FCC called out for exempting the web’s leading data collectors from proposed rule
Washington, DC – More than a quarter-million internet users across the country have spoken out against the FCC’s baldly transparent proposal on expansive new privacy rules that regulate certain companies while exempting some of the web’s biggest data collectors. An online platform designed by Protect Internet Freedom (PIF) provided users a direct line of communication to tell the FCC that they’ve been caught red-handed seeking regulations that would do nothing to actually protect consumer online privacy as the Commission claims – regulating only a small part of the internet ecosystem, while exempting others from the rules. A total of 259,539 opposition comments were filed against the FCC NPRM, an overwhelming majority of the 271,669 total comments filed in the docket as the commenting deadline nears.
“The FCC cannot turn a deaf ear to the sheer volume of angry Americans that have spoken out against the brazenness of its proposed privacy rule,” said PIF National Director Drew Johnson. “The agency is treating Americans like we’re all idiots. The FCC’s blatant regulatory overreach that selectively picks winners and losers in the marketplace completely undermines the FCC’s credibility.”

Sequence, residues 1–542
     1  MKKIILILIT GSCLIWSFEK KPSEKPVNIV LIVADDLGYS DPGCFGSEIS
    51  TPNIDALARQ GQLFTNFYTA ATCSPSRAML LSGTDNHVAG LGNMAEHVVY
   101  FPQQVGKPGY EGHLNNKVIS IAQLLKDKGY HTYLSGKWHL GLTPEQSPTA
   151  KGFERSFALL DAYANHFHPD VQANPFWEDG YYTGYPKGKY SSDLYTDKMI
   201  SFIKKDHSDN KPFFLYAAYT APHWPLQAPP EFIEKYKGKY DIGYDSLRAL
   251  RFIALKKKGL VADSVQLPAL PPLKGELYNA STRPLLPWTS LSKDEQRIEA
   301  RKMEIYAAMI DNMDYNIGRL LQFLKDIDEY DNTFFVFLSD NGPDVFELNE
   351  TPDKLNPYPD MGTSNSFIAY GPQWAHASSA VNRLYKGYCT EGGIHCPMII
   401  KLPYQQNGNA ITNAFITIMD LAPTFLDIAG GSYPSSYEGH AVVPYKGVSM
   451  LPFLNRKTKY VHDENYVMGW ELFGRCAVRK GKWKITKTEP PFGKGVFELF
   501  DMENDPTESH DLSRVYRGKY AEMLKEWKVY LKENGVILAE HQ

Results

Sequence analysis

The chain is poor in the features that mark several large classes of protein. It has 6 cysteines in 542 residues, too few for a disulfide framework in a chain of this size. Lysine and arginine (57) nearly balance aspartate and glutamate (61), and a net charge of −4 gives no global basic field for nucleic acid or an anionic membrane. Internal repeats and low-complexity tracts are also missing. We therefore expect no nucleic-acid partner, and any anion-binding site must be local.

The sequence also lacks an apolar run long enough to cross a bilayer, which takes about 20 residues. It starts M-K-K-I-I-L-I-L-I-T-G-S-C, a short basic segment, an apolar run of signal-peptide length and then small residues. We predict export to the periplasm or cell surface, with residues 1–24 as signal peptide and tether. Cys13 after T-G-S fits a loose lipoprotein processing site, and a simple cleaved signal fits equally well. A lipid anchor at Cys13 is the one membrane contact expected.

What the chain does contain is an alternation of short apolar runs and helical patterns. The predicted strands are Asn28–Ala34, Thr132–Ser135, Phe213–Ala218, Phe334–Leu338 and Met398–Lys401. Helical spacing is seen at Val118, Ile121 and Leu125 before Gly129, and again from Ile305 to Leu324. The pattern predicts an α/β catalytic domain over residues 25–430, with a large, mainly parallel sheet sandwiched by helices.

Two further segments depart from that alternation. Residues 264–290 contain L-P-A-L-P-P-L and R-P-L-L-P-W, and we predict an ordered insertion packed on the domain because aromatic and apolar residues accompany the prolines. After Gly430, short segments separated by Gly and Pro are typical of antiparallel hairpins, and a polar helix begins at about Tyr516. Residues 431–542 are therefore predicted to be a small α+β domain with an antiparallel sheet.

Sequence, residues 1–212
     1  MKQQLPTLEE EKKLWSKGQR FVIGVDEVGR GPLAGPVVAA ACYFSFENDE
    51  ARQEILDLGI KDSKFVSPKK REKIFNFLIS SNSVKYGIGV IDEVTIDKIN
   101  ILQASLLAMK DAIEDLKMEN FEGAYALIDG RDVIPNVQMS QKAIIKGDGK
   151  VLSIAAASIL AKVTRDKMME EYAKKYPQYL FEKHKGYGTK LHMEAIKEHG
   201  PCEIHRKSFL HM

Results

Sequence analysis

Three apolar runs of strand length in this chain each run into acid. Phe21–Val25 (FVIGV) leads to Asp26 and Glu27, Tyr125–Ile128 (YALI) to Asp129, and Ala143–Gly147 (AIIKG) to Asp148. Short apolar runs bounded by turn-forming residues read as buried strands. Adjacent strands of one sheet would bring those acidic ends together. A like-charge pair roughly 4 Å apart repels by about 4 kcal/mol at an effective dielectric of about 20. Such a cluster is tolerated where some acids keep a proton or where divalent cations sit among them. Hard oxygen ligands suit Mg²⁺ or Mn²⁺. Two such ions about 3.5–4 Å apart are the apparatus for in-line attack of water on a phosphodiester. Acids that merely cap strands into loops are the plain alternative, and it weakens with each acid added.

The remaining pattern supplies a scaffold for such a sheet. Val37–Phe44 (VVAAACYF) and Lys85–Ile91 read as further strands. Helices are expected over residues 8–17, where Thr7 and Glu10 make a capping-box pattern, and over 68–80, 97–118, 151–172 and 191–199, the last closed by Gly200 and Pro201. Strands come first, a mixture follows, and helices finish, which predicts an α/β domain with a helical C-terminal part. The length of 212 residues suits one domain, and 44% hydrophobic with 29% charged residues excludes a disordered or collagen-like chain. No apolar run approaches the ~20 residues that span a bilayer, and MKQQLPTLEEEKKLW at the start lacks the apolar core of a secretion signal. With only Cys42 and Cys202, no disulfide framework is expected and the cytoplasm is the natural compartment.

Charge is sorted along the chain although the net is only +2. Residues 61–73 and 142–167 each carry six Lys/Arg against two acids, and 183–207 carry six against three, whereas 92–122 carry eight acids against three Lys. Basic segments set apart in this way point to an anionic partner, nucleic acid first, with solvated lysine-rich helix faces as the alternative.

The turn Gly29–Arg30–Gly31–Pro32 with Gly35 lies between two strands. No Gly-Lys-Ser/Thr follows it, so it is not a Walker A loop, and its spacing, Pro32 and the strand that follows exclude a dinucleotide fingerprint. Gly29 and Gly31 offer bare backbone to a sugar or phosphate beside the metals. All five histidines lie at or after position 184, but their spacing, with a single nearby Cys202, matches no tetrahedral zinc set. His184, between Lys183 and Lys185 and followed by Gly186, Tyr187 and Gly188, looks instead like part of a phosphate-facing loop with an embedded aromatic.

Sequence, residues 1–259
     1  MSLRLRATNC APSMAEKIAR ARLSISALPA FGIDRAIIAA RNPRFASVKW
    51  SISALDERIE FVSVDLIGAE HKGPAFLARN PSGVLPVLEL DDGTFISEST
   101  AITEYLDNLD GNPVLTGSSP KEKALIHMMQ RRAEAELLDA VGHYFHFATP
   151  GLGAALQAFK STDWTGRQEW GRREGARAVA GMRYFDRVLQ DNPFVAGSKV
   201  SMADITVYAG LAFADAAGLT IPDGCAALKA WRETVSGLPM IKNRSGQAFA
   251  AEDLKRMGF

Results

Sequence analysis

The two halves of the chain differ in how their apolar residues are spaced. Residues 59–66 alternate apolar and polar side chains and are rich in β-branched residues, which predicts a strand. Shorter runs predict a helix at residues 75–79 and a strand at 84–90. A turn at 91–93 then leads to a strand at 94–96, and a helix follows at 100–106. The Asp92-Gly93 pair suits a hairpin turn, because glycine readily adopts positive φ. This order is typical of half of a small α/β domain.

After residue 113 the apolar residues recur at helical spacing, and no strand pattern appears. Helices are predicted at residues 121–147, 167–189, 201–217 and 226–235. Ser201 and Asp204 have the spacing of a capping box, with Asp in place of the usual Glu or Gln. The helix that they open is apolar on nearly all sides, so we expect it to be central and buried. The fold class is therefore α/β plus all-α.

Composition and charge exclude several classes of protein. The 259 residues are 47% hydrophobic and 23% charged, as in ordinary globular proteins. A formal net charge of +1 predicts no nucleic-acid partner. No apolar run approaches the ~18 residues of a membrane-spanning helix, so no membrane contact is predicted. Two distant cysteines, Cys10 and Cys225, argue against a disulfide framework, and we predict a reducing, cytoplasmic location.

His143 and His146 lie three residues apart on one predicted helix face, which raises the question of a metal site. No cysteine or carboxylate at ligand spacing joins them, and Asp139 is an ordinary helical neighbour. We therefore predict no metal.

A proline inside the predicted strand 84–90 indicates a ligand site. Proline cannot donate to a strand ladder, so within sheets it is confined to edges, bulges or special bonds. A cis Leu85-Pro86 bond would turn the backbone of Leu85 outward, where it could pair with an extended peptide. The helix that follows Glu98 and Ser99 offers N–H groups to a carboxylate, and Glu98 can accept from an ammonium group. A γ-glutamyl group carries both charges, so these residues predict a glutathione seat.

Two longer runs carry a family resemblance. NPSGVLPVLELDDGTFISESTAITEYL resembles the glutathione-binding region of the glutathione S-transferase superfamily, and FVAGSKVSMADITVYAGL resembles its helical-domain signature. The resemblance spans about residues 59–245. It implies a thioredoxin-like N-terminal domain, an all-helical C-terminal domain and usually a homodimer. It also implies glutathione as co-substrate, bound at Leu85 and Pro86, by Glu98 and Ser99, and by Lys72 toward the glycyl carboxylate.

In just a few short weeks, hundreds of thousands comments from concerned Internet users were collected and submitted. Johnson noted that even more comments would have been submitted had the FCC proceedings not been mired with problems. In May, several thousand comments collected went unposted for weeks after their submission to the FCC’s Electronic Comment Filing System (ECFS). On May 12, an FCC spokesperson admitted the agency faced a backlog of 74,000 comment filings across all of the FCC’s proceedings. Ultimately, the backlog was resolved, but the FCC granted no extension for more Americans to share their opinions despite the agency’s technological problems.
“Americans aren’t stupid and we won’t be duped this time. The FCC’s privacy rulemaking, just like the Title II rulemaking before it, show the inherent dangers of the government’s internet takeover. Chairman Tom Wheeler should respond to the overwhelming number of Americans that have demanded answers,” said Johnson.